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As already alluded to above the economic situation in Brazil throughout the 2000s was particularly strong giving the Brazilian government and the Rio 2016 Organising Committee a great deal of confidence that they could put on a highly successful Games that would bring numerous positive legacies to Rio and the rest of the country. According to Hakim (2016) when President Lula da Silva left office in 2011 ‘Brazil was widely recognised as Latin America’s gold standard for economic development and social progress’. Hakim claims that powerful trends in the global economy greatly aided Brazil’s economic success including a ‘skyrocketing demand for commodities, which Brazil exports in large quantities’ to countries such as China whose economy was also booming and in addition just as world oil prices were peaking Brazil discovered large offshore reserves. All of these factors and others meant that the Brazilian economy boomed attracting billions of dollars in inward investment. However, major collapses in commodity and oil prices throughout 2014 and 2015 hit Brazil’s economy hard (Allen 2016). Claims that new President Dilma Rousseff manipulated the federal budget to disguise a growing deficit using money from state-run banks to plug holes in the budget eventually led to her impeachment and removal as President (Leahy 2016). The situation was also compounded by a massive political corruption scandal based around the state-owned oil company, Petrobras, which embroiled many senior politicians and business leaders in a nationwide scandal. Overall, problems of governance, corruption and political issues, combined with rising debt, created a ‘perfect storm for continued political instability’ that saw Brazil’s economy suffer its worst slump for a quarter of a century in 2015 (Allen 2016). All of these things occurred at a critical point in the preparations for the worlds’ biggest sporting.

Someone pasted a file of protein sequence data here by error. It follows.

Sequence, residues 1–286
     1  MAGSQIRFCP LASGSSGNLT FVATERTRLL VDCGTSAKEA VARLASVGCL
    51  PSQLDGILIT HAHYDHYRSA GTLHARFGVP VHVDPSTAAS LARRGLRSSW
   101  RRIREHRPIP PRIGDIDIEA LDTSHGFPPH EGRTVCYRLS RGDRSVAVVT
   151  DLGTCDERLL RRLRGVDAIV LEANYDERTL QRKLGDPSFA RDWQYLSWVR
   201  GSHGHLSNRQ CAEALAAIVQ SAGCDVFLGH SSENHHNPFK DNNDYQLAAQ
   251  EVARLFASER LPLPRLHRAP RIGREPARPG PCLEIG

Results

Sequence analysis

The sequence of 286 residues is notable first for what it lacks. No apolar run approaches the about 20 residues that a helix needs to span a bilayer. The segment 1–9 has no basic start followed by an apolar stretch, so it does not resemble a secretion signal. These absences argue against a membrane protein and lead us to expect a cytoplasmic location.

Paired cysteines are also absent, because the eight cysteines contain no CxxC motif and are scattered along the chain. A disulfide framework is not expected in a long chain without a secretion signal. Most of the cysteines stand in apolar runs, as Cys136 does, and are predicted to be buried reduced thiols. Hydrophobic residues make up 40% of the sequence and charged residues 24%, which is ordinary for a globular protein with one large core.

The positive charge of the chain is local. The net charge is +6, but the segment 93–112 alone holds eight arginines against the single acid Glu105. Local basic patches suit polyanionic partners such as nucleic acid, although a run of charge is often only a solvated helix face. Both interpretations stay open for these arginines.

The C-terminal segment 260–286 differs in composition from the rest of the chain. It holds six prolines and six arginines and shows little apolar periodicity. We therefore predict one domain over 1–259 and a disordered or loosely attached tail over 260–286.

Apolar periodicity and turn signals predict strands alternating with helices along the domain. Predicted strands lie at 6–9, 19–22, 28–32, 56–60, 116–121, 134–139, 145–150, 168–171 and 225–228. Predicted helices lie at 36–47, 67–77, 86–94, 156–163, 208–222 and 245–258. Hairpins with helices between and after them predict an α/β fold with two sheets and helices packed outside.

Facing an economic crisis driven by corruption allegations, political turmoil, declining commodity prices, and weak overseas demand, forty-nine days before the start of the 2016 Olympic Games, the Governor of Rio de Janeiro declared a state of ‘financial emergency’ calling for federal support in order to avert a ‘total collapse’ in public service provision (Watts, 2016). The scale of the crisis in Rio is illustrated by the state-government devising spending plans which budgeted for an oil price of $100 per barrel, but in reality state-owned oil company Petrobras was receiving around half this amount, causing significant job cuts (Watts & Douglas, 2016). Despite lower tax revenues and growing unemployment, the Rio state’s request for a bailout from the federal government was rejected, with the fear that accepting such a proposal would encourage other states to ask for similar support. The consequences of this position have been cuts in even the most basic of public service provision, including reductions in police and education spending with little or no money to pay teachers or health workers. Rio state was forced to slash budgets across the board, including that of the police. Helicopters were grounded and more than half of the civil police’s fleet of cars were taken off the road in a bid to save on petrol costs. Even officers’ salaries were delayed. (The Guardian, 2016). In addition, Rio state also reported record-breaking crime in 2016 in almost all categories from homicides to robbery (Farand, 2017). Unable to provide even basic services and with crime at record levels is it really so surprising that a positive legacy from Rio 2016 has not emerged?